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APA Citation Style Guide (6th Ed.): Overview

This guide contains examples of common citation formats in APA (American Psychological Association) Style

7th Edition

For information on the 7th edition of APA, visit the new guide at  USC'sThomas Cooper Library:

7th Edition Guide

About APA Style

American Psychological Association (APA) style is commonly used for citing references in science and social science courses, such as Nursing, Psychology, Education, and Social Work.  This guide is based on the 6th edition published in 2010.

This edition is shelved in the Ready Reference area behind the Library's Circulation Desk and may be used in the library (it can't be checked out). 

The call number is READY REF WZ 345 P976 2010

New Content in the 6th Edition

Some of the changes in the new edition include:

  • the use of Digital Object Identifiers (DOI) in references to print and electronic sources (when available).  See pages 188 to 192 in the APA Manual for more information.
  • expanded coverage of online resources

To learn more about the changes made in the new edition, check out the "What's New" section on the official APA Website.

You may also want to check out the APA blog to learn more about such topics as using DOIs and citing specific sources.


Portions of this LibGuide have been copied, with permission, from the following institutions:

  • Jamestown Community College Hultquist Library
  • Penn State University Libraries
  • Red Deer College Library

General Guidelines

Numbers in parentheses refer to specific pages in the APA 6th Edition manual.

Author-Date Citation System in Text (p. 174)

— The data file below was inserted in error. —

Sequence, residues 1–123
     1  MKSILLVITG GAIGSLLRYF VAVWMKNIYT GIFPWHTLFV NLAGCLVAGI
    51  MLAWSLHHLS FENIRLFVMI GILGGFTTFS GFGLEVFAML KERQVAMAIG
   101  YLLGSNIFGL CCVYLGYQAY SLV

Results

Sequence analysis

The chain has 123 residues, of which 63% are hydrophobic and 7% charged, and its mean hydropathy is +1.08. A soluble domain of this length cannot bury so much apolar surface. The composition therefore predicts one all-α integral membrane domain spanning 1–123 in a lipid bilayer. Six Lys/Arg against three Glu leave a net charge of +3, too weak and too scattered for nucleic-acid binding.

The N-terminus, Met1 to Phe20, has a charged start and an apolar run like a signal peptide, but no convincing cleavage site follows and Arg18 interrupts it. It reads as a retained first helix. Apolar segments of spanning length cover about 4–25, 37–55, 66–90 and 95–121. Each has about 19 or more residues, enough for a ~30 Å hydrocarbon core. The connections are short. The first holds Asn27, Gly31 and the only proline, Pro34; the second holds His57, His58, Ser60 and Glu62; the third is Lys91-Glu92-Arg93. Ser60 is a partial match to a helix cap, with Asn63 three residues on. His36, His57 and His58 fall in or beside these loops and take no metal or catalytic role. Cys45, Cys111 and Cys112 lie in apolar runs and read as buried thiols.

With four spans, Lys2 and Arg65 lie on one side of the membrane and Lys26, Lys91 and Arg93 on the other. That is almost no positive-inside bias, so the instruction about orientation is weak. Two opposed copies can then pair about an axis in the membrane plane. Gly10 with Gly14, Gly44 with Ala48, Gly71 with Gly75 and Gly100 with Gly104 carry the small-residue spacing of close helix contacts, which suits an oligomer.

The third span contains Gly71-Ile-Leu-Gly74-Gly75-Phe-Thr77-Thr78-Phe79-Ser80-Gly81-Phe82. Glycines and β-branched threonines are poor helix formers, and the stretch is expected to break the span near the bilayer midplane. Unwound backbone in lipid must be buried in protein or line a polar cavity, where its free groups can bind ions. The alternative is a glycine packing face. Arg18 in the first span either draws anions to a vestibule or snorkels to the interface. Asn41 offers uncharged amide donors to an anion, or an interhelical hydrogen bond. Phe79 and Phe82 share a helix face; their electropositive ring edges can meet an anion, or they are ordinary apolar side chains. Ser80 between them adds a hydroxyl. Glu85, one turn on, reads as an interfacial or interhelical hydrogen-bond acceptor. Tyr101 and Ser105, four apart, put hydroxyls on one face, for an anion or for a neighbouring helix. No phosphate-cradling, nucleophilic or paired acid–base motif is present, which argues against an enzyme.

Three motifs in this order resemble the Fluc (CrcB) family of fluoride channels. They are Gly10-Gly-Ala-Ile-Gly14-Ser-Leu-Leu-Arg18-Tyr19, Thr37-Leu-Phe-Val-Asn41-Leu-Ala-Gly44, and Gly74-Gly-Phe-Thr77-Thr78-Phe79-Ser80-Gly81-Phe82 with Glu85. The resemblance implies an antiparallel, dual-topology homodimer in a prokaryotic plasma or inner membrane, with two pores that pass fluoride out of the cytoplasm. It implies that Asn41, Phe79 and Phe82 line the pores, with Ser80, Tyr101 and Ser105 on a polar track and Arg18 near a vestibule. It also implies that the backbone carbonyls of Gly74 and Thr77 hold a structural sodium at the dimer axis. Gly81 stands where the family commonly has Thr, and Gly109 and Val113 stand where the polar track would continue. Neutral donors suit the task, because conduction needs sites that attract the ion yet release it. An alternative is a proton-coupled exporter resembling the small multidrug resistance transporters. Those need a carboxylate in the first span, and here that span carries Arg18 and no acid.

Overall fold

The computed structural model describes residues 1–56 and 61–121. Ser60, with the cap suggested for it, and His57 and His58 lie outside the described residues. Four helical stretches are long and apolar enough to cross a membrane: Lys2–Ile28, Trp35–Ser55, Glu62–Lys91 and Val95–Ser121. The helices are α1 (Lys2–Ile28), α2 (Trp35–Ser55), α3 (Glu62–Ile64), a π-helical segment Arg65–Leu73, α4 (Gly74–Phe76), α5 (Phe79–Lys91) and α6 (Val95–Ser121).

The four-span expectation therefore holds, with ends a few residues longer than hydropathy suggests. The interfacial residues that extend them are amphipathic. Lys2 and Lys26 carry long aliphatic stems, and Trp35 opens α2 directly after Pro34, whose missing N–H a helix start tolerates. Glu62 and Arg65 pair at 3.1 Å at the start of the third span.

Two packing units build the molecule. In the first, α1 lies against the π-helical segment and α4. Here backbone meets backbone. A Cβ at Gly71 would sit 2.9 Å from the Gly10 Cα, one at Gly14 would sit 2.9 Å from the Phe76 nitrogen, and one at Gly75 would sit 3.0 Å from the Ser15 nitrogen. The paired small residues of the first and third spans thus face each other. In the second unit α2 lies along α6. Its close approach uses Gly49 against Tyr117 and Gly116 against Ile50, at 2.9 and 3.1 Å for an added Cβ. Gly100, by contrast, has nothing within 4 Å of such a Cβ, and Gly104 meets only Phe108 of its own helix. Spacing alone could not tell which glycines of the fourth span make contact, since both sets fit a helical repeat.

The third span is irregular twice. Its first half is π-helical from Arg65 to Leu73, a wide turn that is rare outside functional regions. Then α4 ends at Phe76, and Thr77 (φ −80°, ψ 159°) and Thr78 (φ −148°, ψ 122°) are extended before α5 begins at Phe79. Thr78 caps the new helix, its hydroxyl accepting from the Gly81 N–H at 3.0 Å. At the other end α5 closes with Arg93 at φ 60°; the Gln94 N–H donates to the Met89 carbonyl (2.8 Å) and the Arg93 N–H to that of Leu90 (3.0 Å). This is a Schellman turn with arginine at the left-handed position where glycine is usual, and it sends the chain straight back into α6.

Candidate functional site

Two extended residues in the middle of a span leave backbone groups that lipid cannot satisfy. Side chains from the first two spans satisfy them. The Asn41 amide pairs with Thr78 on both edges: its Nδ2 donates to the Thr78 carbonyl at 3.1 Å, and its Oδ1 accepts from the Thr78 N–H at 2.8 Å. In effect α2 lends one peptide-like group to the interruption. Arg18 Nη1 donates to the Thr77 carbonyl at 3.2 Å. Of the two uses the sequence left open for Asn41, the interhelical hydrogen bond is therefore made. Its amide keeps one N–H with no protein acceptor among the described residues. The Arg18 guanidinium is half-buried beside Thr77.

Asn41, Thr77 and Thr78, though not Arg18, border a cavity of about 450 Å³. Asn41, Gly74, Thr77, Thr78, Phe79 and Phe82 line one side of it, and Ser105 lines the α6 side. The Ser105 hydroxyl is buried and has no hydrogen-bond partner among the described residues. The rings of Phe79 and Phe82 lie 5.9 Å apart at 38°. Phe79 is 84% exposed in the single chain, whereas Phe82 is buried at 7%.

• In the text of the paper, references are cited using an author-date citation system, and then are listed alphabetically in the reference list at the end of the paper.


In Text: 

The conquest of pellagra is commonly associated with a single name: Joseph Goldberger (Bryan, 2014).

This entry in Reference list: 

Bryan, C.S. (2014).  Asylum Doctor: James Woods Babcock and the Red Plague of Pellagra.  Columbia, SC: The University of South Carolina Press.

Double-space your entire paper, including the References list and any block quotes (pp. 229, 171, 180)

Recommended Typeface:  The preferred APA typeface, or font, is 12-point Times New Roman. (p. 228)

Page Numbers and Running Head (p. 230)

  • Once your paper is complete, number the pages consecutively, beginning with the title page.
  • Include a "running head" on each page (p. 229). On the title page, use the format "Running head: EXAMPLE OF TITLE" (without the quotation marks). On all subsequent pages, use the format "EXAMPLE OF TITLE" (without quotation marks). See the sample paper on p. 41 of the Manual.

Tip: Use the "header" function on your word processor to set up the page numbers and running head. Since the running head format is different on the title page than the subsequent pages, you will need to choose "different first page" within your word processor header function.

Learn more about APA Style

About Plagiarism

Give credit to all sources from which you have taken information, whether you have directly quoted, paraphrased, or summarized the author’s words.   Failing to document your sources constitutes plagiarism. 

See page 170 of the manual for more information about plagiarism.